Re: Get rid of /etc/mtab ?
Martijn van Oosterhout <email@example.com> writes:
> On Mon, Jul 29, 2002 at 10:22:02AM +0200, Goswin Brederlow wrote:
> > Matthew Garrett <firstname.lastname@example.org> writes:
> > > In chiark.mail.debian.devel, you wrote:
> > >
> > > >/proc/mount should reflect the systems state and with devfs enabled
> > > >but not used the entry is just broken.
> > >
> > > So should typing "mount -t devfs devfs /devfs" change /proc/mounts, or
> > > only "mount -t devfs devfs /dev"? If I mount devfs inside a chroot,
> > > should /proc use devfs or traditional names? Howabout a /proc inside the
> > > chroot?
> > Idealy /proc/mounts should change. In a chroot /proc/mounts should
> > also only contain entries inside the chroot and relative to it.
> So the contents of /proc/mounts should change depending on the root
> directory of the process reading it? That sounds like a recipe for
> disaster. Imagine a cdrom mounted outside the chroot. Inside the chroot that
proc already depends on the / of the process looking:
chrot chroot /bin/sh
sh-2.05b# ls -l 1/root
ls: cannot read symbolic link 1/root: Permission denied
lrwxrwxrwx 1 root root 0 Jul 30 08:28 1/root
sh-2.05b# ls -l self/root
lrwxrwxrwx 1 root root 0 Jul 30 08:28 self/root -> /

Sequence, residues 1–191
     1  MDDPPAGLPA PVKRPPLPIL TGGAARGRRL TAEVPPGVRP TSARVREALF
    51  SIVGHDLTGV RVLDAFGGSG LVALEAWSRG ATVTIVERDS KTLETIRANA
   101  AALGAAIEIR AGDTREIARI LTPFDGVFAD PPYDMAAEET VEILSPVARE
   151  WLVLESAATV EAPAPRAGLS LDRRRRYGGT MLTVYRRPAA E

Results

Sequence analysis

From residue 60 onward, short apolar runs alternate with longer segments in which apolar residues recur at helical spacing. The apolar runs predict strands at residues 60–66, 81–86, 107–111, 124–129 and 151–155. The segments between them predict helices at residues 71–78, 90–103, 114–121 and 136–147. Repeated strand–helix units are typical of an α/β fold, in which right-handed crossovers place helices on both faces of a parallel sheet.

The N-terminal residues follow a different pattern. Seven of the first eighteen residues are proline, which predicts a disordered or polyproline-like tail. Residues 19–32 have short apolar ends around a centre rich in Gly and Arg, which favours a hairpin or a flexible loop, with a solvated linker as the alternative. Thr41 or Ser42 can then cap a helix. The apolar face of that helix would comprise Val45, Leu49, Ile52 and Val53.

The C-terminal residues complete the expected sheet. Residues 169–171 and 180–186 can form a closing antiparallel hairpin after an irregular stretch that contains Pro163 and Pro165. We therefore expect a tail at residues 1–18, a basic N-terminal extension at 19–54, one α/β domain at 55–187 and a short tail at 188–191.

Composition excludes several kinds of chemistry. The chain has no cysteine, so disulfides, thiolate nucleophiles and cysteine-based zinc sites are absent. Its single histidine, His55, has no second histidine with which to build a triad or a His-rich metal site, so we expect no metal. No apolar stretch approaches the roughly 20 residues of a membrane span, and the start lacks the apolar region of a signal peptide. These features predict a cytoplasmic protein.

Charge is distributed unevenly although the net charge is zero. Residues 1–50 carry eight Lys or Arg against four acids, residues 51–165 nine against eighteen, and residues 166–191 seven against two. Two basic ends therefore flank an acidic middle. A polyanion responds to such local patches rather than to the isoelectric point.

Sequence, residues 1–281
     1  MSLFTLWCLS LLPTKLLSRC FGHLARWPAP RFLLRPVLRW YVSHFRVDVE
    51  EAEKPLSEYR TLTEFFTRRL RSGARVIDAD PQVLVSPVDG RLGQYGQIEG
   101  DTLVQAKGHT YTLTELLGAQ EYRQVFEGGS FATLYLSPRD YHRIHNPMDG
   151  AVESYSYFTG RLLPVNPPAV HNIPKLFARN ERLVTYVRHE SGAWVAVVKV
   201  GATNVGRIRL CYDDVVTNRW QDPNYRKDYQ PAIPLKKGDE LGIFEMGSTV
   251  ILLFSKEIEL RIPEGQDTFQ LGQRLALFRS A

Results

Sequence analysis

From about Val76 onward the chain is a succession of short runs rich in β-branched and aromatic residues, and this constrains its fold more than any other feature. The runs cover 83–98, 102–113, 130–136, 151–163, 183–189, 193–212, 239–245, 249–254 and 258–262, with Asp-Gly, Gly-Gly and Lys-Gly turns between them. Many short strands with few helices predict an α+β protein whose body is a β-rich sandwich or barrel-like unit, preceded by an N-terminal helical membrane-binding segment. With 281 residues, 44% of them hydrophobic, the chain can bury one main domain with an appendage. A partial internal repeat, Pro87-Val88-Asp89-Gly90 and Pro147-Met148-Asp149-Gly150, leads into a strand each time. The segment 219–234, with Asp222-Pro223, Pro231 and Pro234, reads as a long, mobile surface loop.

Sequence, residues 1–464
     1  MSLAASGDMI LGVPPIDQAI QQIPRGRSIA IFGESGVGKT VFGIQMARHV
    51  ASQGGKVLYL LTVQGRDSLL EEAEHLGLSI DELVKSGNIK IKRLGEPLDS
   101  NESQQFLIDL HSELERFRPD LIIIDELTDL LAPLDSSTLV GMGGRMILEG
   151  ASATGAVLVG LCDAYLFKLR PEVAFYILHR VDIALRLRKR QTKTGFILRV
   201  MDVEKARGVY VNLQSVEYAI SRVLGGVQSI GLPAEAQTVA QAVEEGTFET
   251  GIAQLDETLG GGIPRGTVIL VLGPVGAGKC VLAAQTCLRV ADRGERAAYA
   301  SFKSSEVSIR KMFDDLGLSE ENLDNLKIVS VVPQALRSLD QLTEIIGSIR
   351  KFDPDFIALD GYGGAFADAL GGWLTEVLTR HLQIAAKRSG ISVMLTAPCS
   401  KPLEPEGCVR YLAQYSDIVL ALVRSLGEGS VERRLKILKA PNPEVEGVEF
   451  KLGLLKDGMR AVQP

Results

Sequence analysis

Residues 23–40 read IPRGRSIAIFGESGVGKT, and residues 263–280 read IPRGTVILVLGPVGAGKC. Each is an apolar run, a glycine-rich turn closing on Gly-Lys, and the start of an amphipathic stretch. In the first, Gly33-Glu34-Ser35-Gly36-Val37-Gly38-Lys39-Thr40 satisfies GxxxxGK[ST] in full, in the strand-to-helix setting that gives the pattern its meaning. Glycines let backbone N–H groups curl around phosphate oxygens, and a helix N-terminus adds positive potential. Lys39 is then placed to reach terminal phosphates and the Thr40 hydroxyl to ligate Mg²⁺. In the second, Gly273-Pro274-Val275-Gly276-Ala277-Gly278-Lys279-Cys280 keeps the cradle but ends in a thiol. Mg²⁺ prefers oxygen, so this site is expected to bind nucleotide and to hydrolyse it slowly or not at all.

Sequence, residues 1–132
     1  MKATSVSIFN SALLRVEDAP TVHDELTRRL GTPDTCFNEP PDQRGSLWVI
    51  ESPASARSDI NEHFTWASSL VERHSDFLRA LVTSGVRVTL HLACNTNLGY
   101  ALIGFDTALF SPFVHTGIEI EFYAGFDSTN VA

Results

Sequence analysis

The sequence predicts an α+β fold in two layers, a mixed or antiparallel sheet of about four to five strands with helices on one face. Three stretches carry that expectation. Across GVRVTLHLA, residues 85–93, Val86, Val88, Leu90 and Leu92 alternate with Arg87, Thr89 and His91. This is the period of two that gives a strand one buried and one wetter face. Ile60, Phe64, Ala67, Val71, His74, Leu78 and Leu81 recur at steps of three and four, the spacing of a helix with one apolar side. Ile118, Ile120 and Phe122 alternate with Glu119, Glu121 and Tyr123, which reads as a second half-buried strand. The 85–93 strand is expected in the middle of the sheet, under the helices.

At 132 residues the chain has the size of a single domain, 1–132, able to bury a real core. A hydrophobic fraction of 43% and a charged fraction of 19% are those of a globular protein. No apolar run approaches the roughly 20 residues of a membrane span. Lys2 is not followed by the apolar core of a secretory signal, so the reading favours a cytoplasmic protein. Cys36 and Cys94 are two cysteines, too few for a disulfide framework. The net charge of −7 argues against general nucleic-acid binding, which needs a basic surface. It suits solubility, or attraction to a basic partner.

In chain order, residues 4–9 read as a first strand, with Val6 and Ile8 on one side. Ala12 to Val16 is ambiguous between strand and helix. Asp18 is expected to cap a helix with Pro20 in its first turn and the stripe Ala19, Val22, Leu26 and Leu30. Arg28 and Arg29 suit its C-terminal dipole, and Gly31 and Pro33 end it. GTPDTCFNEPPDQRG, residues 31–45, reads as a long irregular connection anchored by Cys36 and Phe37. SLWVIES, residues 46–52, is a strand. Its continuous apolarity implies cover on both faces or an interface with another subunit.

init's root is outside the chroot so I can't read it. Prevents me from
chrooting to inits root to escape my jail.
> would be invisible yet the drive will not open. If an umount /dev/cdrom is
> executed within the chroot, should the kernel fail it?
If you have a /dev/cdrom I would say its inside the chroot but the
mountpoint should be marked as non existent.
Otherwise df gets confused just as with a broken mtab.
> I still maintain that /etc/mtab and /proc/mounts serve completely different
> purposes and trying to merge them will just cause problems.
> What if a secure filesystem needed a keyfile to authorise mounting and other
> things. mount could store the name of that file. Should the kernel store
> that name also in /proc/mounts. If the kernel never needs the file but it's
> all handled by a userspace process, why burden the kernel with it?
Thats what the fstab is for.
> > But asking /proc/mount to change when something is mounted on /dev is
> > probably too much to ask. The layout of the new /dev (you could mount
> > anything there) could be completly random and/or incomplete. Should
> > the kernel not show entries because your missing device nodes? One
> > could make an exception for devfs on /dev probably but who would write
> > the code?
> Say I decide to go against the grain and rename my /dev directory to
> /devices. Now /proc/mounts will be completely wrong, as you state. However,
> /etc/mtab will contain the proper device names.
If you mount and then rename your mtab is broken.
If you rename and then mount both will be right.
Also /etc/mtab breaks when mounting things relative:
%mount proc -t proc /proc
proc proc proc rw 0 0
df: `proc': No such file or directory
% cat /proc/mounts
proc /mnt/debian/chroot/proc proc rw 0 0
/proc/mounts on the other hand is correct.
Its not a perfect world.
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